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  1. #1
    Matt5791's Avatar
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    Nikkor 85mm f1.8 AF D

    Is there anyone who is familiar with both this lens and the F1.4 - is it worth all that extra money for the extra speed?

    I own a F1.8 and it seems to perform well, but I would really like some opinions on the optical performance compared with the 1.4, from anyone in the know.

    Matt

  2. #2
    Blighty's Avatar
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    I have the 1.8 AF-D and I'm entirely happy with it, so from my point of view, the 1.4 is going to have to produce something a bit bloody special for all the extra money you'd pay. Still wouldn't mind having one though! It looks the biz, don't you think? Wide open it performs pretty good and bokeh is not at all unpleasant. I've posted an image taken with the 85mm 1.8. See what you think. Regards, Blights
    Norman is an island.Time and tide wait for Norman.

  3. #3

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    As a photo-journalist I own and use the 85 f/1.4 as well as their 28 f/1.4.

    They are great lenses, but they are big. If I didn't have to use the speed of this lens, I'd go for the f/1.8 to reduce the load.

    Unless you need the f/1.4 to make a living, don't bother.

  4. #4

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    The 85 f1.4 is essentially a stop faster than the f1.8 as you need to stop down the f1.8 to at least f2.0 or so to approach the other in quality. One stop in that range is not inexpensive.

    The 85 f1.4 is arguably the finest Nikkor lens. Its reputation for sharpness, contrast, bokeh, et al are widely known. There's more at work here than the difference between f1.4 and f1.8.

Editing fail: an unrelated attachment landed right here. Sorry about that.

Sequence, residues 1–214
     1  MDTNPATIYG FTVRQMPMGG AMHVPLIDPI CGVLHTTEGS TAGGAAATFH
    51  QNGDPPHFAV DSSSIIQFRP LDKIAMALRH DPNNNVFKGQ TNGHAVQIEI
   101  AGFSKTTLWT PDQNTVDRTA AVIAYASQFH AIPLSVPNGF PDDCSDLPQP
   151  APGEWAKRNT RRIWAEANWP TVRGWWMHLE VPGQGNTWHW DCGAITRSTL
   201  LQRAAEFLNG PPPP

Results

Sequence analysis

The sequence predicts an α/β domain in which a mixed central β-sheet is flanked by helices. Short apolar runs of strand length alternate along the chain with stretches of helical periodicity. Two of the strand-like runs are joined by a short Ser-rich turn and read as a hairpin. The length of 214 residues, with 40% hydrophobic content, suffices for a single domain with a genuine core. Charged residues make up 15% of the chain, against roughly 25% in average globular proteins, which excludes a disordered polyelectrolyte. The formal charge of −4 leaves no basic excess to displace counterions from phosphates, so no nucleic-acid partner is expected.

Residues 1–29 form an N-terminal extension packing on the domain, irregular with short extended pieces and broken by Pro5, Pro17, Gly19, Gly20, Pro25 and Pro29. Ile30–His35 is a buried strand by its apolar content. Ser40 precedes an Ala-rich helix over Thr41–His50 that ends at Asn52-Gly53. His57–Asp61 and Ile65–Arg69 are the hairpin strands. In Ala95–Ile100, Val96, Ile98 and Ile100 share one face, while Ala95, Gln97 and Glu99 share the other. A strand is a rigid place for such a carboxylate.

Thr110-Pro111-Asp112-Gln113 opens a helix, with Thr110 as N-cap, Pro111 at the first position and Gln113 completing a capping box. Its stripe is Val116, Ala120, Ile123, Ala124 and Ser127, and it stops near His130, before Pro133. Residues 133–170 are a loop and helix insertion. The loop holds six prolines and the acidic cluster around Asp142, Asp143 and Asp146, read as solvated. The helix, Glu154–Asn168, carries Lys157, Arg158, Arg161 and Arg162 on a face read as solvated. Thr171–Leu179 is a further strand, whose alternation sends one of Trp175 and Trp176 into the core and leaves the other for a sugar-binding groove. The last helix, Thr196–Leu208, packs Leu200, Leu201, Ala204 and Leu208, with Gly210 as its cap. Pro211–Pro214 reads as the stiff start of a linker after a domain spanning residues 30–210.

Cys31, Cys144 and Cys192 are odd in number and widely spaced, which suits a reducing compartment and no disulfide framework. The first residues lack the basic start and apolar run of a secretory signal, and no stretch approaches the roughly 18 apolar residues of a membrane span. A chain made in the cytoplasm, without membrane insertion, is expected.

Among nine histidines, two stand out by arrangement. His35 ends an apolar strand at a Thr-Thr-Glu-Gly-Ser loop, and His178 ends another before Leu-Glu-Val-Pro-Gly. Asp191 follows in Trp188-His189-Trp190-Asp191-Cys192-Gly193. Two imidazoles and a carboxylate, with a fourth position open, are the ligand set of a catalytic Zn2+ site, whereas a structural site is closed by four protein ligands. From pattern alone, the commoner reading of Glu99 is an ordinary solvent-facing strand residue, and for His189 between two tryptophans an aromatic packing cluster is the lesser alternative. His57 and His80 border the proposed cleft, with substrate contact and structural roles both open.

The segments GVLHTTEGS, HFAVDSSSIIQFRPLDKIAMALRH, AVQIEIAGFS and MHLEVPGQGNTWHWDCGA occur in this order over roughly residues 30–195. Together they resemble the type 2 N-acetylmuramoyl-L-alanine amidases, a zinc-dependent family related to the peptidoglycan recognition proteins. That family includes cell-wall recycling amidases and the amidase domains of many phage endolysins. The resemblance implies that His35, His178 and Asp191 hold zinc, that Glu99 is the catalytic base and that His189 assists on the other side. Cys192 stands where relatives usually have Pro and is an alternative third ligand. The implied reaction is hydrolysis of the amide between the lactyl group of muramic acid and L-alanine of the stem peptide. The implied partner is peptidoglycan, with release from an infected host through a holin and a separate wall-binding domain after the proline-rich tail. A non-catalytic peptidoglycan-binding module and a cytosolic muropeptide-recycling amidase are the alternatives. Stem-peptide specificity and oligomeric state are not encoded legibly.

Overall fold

Amateurs, not just professionals, also like to shoot existing light. That stop difference is always expensive. Compare the cost of the 50 f1.8 and 50 f1.4.

  5. #5

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    Christmas can be such a good excuse for purchases that are otherwise "too expensive"! And I took full advantage of it this holiday to pop for the 85 1.4. So far, -wow. In all honesty I can't compare to the 1.8 as I have never used one, but I really am happy with the results I have gotten so far with the 1.4. Focusing certainly becomes a big issue with the vanishing depth of field when wide open.

    As is often the case, you have to go with what makes you happy. Good results can be gotten with just about any camera, but if ya ain't happy doin' it, then you will be less than thrilled with the results.

    Ask around & see if someone local has one. Maybe for a beer they would be willing to go out on a shoot with you to compare with your 1.8. I did this with a 300mm 2.8 lens. One soccer game convinced me that I was pretty darn happy with my f4 version of this lens. I went with the 1.4 version of the 85mm primarily for shooting in the dark. Portraits in natural indoor light and for shooting live musicians in bars (hmmm... shouldn't there be something here about a piano player?).

    Heck - buy the big one. Someone besides me has to keep this economy going.
    Those who don't think Photographers have the skills of REAL artists such as painters obviously have not had to spot my prints.

  6. #6